Monday, August 03, 2009

How can "she" be dead?

Hey Raquel,

Hope all is well. A friend sent me the new Joell Ortiz song on Hip Hop dying and I thought about you. Creo que lo que dice aplica al Reggeaton se si algun reggaetonero ha escrito sobre "la muerte anunciada" del reggeaton. Dejame saber si sabes de alguna cancion.

(Roxanna García González)

Wow... thanks so much for this link.

"How can she be dead when she's a spirit?" BEAUTIFUL!

I haven't seen the equivalent of these types of songs in reggaeton. Just statements by artists.

Again, thank you!
(Raquel Z. Rivera)


DJPerso said...

Hey Raquel this is Kian a.k.a el Perso
i always follow your blog, i <3 reggaeton
and i also have a copy of your book!!!

before i get into anything else,
i jus wanted to let you know there are equivalents to the song by joell ortiz in reggaeton, check out guelo starr
"Reggaeton pa to el mundo"
"que tu dice"

and i dont think reggaeton is gonna die,

house and techno are "same beat" music, but theyre still immensely popular

what do you think?

raquelzrivera said...

Thanks so much for the references Perso! I'll check those out and check in back here.

raquelzrivera said...

Ok, so now that I heard them both I can actually comment. (Thanks again for the references.) As sandungueo-provoking as the two songs are, I'm having a hard time seeing how they can be the equivalent of Joell's song (or other classics in that vein like Common's "I used to love H.E.R." or Nas' "Hip Hop Is Dead".)

Guelo Star (a few times) says regaetón will stay alive, but "Que tu dices" is really not built around that idea. And "Reggaeton pa to el mundo" doesn't really bring up the death of reggaeton. (Or am I listening to re-mixes or versions that are not the ones you're pointing to?)

I completely agree that just because a genre is "same beat" music doesn't mean it's doomed to die. (Merengue and plena are "same beat" music too. ¿No?)

I think folks are trying to declare reggaeton dead prematurely. If there are still tons of fans who follow it... how can it be dead? Even if there ever came a time when reggaeton was just listened to by 3 diehard fans, not even then would it be dead.

That said, I'm not completely sure that the urban music genre that became known as "reggaeton" will keep operating under the same name indefinitely. As artists keep relying less and less on the dembow rhythm, more artists are saying what they do is "urban music" instead of "reggaeton".

Me, personally, I'm more interested in documenting what people (fans, artists, industry tastemakers, journalists) call a genre, than trying to impose my opinion of what a genre's name should be.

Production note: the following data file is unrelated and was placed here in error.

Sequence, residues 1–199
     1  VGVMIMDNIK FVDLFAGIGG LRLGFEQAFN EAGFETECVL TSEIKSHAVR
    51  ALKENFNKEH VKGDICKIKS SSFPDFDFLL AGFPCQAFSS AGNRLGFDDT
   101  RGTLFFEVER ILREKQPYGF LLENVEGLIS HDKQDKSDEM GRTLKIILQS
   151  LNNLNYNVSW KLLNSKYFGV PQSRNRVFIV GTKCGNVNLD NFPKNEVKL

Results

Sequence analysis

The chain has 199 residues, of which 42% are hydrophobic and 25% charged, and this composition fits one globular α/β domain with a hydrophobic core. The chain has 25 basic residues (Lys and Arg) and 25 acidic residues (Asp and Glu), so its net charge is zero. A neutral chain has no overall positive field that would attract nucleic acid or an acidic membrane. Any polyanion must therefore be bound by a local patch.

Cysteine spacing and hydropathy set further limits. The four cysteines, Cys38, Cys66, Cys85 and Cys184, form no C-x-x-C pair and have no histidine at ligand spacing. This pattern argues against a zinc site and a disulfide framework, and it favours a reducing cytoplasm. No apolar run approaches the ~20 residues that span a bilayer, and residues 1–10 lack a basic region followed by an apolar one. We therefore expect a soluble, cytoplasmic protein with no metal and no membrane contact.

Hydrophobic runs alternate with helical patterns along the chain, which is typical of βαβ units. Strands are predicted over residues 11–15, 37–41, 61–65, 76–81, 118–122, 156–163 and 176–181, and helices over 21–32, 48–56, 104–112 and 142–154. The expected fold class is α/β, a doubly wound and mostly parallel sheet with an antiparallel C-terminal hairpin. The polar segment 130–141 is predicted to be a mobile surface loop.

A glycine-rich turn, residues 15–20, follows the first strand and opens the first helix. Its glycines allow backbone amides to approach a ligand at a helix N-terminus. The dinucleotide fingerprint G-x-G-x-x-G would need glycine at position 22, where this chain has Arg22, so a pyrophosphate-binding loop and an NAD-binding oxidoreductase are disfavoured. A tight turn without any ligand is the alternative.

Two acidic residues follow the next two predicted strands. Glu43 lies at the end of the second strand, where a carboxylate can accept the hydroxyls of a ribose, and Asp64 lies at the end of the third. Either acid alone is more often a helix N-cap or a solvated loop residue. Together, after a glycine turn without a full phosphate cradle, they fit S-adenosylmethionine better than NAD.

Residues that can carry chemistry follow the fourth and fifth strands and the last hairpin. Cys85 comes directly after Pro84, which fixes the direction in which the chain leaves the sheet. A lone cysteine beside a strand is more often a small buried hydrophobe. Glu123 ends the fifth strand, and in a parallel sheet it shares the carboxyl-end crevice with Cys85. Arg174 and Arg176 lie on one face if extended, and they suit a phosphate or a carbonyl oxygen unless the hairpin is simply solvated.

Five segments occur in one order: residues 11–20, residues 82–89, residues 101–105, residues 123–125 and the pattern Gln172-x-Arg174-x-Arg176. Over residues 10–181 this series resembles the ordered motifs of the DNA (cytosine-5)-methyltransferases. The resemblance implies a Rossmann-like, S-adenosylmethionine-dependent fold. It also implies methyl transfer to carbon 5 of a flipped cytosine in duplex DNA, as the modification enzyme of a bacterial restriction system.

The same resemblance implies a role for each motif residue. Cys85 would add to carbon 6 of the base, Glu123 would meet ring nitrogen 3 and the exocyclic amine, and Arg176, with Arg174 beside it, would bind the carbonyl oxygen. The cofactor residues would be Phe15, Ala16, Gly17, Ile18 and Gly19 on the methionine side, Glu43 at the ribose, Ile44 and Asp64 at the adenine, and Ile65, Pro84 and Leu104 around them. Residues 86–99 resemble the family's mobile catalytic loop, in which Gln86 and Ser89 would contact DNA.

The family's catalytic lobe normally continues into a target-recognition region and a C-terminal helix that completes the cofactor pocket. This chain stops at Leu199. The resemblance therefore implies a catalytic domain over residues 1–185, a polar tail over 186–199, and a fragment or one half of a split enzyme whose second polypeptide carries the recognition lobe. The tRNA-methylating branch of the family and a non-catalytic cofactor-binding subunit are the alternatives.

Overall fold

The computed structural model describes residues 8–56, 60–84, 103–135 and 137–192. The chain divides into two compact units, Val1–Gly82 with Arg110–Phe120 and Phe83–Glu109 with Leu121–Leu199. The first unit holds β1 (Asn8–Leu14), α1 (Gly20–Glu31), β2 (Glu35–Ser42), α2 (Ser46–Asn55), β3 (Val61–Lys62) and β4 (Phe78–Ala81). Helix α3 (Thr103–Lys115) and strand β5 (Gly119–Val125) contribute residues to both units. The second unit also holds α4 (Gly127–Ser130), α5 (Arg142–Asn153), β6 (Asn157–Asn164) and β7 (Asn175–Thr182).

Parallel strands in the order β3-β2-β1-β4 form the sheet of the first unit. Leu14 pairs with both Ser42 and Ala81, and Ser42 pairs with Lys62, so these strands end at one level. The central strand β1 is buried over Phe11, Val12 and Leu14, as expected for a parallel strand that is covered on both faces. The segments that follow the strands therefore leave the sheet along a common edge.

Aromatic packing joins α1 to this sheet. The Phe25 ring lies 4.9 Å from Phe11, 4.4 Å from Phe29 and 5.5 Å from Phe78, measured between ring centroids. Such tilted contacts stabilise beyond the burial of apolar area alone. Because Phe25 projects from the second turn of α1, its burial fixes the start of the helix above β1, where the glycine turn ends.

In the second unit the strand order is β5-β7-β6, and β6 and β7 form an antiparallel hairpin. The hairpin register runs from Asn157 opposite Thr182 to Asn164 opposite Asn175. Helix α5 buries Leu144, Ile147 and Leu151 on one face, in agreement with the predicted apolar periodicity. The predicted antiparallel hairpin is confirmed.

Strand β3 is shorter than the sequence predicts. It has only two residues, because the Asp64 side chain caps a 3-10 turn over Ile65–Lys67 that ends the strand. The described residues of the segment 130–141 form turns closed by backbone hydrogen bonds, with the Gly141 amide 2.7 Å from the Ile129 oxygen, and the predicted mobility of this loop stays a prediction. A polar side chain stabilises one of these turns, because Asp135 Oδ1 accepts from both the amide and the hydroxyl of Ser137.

So let me ask you: Without the dembow beat is a song still reggaeton? If the genre ever broke its ties to dancehall reggae completely (dembow or not), is it still reggaeton? If all "reggaeton" sounded like Tito El Bambino's "El amor" and Don Omar's "Chica Virtual", would it still be reggaeton, to you?

Check what The Sepia Prince had to say about this all on my myspace blog:

DJPerso said...

Thank you raquel for listening to the songs,
and i totally agree with you that they are not on parr with those classics from nas and common,
well back to the question you asked me about if without the dembow is it still reggaeton?
as open minded as i can be about this question, i would say no, and the reason im saying that is that , reggaeton was born with the bam bam riddim, and as much change it went through since 1992, after 17 years its still dependent on some sort of dem bow, Reggaeton is heavily dependent of its original dem bow riddim and percussion. now the real question is what constitutes a dembow?
and i also have another thing to say
the concept of urban music is not a new concept, and i doubt that its gonna overwhelm and change the identity of reggaeton the way it seems like it is, musica negra, underground, reggae y rap,
i think whats happening is that since reggaeton is decreasing in popularity artists are exploring more options, pop(diva virtual), cumbia(el amor),
and i suppose that certain music will always b called reggaeton, its just that reggaeton is starting to fall under the greater umbrella of "urban music"
i hope i dont sound arrogant

what are your thoughts?

DJPerso said...

Sorry dj Perso again, i was gonna add something else,
as far as reggaeton is concerned this year has been much better than last year, 2008 was the slowest and deadest for reggaeton, so much that not only in mainstream terms but also in underground terms, and artists have began reusing the term reggaeton more, i think its gaining momentum again, but i could b wrong